Game Theory: A Critical Introduction

By Shaun P. Hargreaves Heap; Yanis Varoufakis | Go to book overview
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7

EVOLUTIONARY GAMES

7.1INTRODUCTION: SPONTANEOUS ORDER VERSUSPOLITICAL RATIONALISM

Evolutionary game theory is central to a number of themes of this book. Firstly it addresses our concerns over the rationality and common knowledge of rationality (CKR) assumptions used by mainstream game theory. It does this by introducing a more modest assumption that has people adjusting their behaviour on a trial and error basis towards the action which yields the highest pay-off. Many find this more plausible than the pyrotechnics which conventional game theory often seems to demand from its agents under the guise of ‘being rational’ (see the discussion of CKR and CAB in Chapter 2). Secondly it potentially helps with the problem of equilibrium selection (which, as we have seen, has come to haunt the mainstream) by offering an account of the origin of conventions. Finally, the insights of evolutionary game theory are crucial material for many political and philosophical debates, especially those around the State.

To appreciate this last contribution, recall where we left the discussion of collective action agencies like the State in section 6.4. The argument for such an agency turns on the general problem of equilibrium selection and on the particular difficulty of overcoming the prisoners’ dilemma. When there are multiple equilibria, the State can, through suitable action on its own part, guide the outcomes towards one equilibrium rather than another. Thus the problem of equilibrium selection is solved by bringing it within the ambit of conscious political decision making. Likewise, with the prisoners’ dilemma/ free rider problem, the State can provide the services of enforcement. Alternatively when the game is repeated sufficiently and the issue again becomes one of equilibrium selection, then the State can guide the outcomes towards the cooperative Nash equilibrium.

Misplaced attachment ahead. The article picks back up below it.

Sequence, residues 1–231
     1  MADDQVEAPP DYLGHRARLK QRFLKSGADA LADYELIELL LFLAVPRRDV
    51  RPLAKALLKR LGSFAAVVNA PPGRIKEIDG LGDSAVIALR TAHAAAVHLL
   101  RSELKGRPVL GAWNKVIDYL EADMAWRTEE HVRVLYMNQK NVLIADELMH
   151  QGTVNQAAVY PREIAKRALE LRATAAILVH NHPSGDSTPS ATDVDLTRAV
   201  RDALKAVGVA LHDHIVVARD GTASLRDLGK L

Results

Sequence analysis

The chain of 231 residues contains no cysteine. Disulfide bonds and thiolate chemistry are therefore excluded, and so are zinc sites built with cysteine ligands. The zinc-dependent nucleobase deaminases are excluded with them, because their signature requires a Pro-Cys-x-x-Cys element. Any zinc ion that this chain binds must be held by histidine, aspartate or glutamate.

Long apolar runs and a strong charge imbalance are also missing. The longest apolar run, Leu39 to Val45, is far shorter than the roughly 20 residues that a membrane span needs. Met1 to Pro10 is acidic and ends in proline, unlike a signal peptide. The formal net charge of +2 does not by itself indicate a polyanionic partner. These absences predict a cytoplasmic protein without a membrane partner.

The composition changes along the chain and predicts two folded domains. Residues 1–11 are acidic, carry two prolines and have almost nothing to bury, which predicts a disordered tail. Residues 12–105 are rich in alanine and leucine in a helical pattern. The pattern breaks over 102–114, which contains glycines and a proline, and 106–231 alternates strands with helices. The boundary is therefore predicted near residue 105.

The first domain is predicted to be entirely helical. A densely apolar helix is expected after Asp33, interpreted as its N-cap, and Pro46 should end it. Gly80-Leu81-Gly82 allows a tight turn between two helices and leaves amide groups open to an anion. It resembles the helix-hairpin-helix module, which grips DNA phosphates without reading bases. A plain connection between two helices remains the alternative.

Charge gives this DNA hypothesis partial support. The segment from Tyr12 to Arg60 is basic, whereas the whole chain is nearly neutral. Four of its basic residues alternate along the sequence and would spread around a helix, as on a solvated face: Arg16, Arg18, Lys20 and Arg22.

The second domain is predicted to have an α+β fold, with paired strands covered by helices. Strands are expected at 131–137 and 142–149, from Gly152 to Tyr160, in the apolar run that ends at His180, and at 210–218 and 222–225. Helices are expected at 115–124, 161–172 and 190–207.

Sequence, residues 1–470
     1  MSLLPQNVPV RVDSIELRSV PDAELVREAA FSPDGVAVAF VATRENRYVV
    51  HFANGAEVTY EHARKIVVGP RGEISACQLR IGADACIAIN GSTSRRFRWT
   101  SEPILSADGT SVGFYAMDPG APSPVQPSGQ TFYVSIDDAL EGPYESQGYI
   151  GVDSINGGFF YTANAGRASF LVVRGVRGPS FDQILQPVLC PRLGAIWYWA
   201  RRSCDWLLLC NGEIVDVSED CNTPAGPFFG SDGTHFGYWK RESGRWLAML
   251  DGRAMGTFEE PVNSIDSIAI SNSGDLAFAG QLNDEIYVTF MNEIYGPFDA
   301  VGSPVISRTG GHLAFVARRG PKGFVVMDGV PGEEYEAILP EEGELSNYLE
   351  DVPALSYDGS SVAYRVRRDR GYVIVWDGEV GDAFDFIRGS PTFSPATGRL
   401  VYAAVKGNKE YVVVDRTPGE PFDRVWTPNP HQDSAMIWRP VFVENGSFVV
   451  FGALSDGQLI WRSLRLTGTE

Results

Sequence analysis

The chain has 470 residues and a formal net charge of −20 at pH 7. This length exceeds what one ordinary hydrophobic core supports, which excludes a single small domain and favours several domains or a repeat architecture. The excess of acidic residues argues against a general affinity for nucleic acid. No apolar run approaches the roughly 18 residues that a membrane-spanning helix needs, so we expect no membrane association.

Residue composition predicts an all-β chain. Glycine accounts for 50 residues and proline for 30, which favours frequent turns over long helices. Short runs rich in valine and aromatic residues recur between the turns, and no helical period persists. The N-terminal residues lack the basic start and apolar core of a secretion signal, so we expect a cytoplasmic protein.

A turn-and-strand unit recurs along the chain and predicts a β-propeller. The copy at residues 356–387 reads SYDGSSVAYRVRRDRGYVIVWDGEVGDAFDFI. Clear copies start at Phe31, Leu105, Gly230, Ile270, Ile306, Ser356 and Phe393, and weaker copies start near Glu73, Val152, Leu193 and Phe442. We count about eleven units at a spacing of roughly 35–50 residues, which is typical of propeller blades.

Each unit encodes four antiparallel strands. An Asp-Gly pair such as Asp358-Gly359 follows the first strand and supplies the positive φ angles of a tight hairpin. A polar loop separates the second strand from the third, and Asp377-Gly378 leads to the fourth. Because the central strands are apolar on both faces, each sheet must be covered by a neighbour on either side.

This argument for a collective action agency is contested by the ideas of what Anderson (1992) calls the ‘intransigent Right’. These ideas are closely associated with a quartet of 20th century thinkers, Strauss, Schmitt, Oakeshott and Hayek, and they plausibly now shape ‘a large part of the

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